In any case, whether the basic chemistry is (H2SO4 + H2O) or (H2SO4 + H2O + NH3) is an academic rather than a practical point. There are always traces of ammonia in the real air, and according to the CLOUD report you need only one molecule in 30 billion. If that helps to oil Svensmark’s climatic motor, it’s good to know, but it calls for no apologies and alters the climatic implications not a jot.
The experiment's logo. The acronym “Cosmics Leaving Outdoor Droplets” always implied strong interest in Svensmark's hypothesis. And the roles of the Galaxy and the Sun are acknowledged.
Technically, CLOUD is a welcome advance on the Danish experiments. Not only is the chemistry wider ranging but molecular clusters as small as 1.7 nanometres in diameter are detectable, compared with 4 nm in Denmark. And the set-up enables the scientists to study the ion chemistry at lower temperatures, corresponding to increasing altitudes in the atmosphere. Cluster production soars as the temperature goes down, until “almost every negative ion gives rise to a new particle” [i.e. molecular cluster]. The lowest temperature reported in the paper is -25 oC. That corresponds to an altitude of 6000 metres, so unless you wish to visualize a rain of cloud-seeding aerosols from on high, it’s not very relevant to Svensmark’s interest in the lowest 3000 metres.
How the warmists built their dam
Shifting from my insider’s perspective on the CLOUD experiment, to see it on the broader canvas of the politicized climate science of the early 21st Century, the chief reaction becomes a weary sigh of relief. Although they never said so, the High Priests of the Inconvenient Truth – in such temples as NASA-GISS, Penn State and the University of East Anglia – always knew that Svensmark’s cosmic ray hypothesis was the principal threat to their sketchy and poorly modelled notions of self-amplifying action of greenhouse gases.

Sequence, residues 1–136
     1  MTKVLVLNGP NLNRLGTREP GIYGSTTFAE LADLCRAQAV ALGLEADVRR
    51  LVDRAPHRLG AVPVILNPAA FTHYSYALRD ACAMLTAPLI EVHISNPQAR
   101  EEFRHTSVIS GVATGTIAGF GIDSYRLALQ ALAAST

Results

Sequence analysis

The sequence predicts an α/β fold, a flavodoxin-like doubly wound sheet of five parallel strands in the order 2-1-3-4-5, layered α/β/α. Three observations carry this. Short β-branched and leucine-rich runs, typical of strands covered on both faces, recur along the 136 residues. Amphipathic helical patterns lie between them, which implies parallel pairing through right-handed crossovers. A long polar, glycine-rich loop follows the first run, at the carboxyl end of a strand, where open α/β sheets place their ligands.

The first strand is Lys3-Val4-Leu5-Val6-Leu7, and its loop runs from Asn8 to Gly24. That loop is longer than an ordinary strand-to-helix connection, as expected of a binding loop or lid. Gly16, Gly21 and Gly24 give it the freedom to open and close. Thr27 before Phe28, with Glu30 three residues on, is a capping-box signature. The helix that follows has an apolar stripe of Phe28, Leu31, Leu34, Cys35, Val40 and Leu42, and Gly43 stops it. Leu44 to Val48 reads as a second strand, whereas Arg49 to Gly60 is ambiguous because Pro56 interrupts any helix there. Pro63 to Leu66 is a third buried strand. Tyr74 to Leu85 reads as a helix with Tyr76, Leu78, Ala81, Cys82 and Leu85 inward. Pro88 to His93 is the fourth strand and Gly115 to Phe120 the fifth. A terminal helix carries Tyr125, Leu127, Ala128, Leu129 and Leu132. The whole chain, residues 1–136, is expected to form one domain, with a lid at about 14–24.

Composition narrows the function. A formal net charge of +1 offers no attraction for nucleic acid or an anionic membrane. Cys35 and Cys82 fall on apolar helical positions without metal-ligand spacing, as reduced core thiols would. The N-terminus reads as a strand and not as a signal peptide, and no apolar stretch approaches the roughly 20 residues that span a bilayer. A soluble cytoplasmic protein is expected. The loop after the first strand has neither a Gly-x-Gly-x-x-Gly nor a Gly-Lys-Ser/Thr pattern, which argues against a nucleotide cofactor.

In telling how the obviously large influences of the Sun in previous centuries and millennia could be explained, and in applying the same mechanism to the 20th warming, Svensmark put the alarmist predictions at risk – and with them the billions of dollars flowing from anxious governments into the global warming enterprise.
For the dam that was meant to ward off a growing stream of discoveries coming from the spring in Copenhagen, the foundation was laid on the day after the Danes first announced the link between cosmic rays and clouds at a space conference in Birmingham, England, in 1996. “Scientifically extremely naïve and irresponsible,” Bert Bolin declared, as Chairman of the Intergovernmental Panel on Climate Change.
As several journalists misbehaved by reporting the story from Birmingham, the top priority was to tame the media. The first courses of masonry ensured that anything that Svensmark and his colleagues might say would be ignored or, failing that, be promptly rubbished by a warmist scientist. Posh papers like The Times of London and the New York Times, and posh TV channels like the BBC’s, readily fell into line. Enthusiastically warmist magazines like New Scientist and Scientific American needed no coaching.